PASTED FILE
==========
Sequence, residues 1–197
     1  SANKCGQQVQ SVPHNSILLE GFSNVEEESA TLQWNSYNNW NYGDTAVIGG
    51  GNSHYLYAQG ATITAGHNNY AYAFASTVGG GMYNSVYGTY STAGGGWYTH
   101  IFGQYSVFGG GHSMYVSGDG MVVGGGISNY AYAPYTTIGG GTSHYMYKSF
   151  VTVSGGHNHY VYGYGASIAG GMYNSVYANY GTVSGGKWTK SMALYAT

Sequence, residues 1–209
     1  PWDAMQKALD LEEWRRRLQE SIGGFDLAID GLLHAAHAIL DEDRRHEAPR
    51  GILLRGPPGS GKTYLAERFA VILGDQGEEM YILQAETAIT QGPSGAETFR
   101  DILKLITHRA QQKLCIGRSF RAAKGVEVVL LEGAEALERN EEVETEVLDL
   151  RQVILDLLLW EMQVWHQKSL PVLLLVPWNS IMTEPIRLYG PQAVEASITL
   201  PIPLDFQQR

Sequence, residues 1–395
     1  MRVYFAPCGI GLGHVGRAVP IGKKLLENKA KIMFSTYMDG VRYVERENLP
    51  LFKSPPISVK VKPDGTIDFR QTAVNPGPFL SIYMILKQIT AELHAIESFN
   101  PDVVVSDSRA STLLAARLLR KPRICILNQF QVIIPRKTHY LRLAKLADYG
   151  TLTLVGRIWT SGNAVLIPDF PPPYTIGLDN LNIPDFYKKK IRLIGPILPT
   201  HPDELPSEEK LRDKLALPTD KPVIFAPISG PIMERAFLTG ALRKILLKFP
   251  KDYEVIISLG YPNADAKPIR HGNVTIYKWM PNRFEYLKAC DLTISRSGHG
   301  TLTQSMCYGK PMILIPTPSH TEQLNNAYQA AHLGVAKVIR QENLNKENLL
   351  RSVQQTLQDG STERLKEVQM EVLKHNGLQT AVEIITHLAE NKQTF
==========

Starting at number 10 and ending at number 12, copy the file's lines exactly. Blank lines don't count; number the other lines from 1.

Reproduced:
   151  RQVILDLLLW EMQVWHQKSL PVLLLVPWNS IMTEPIRLYG PQAVEASITL
   201  PIPLDFQQR

Sequence, residues 1–395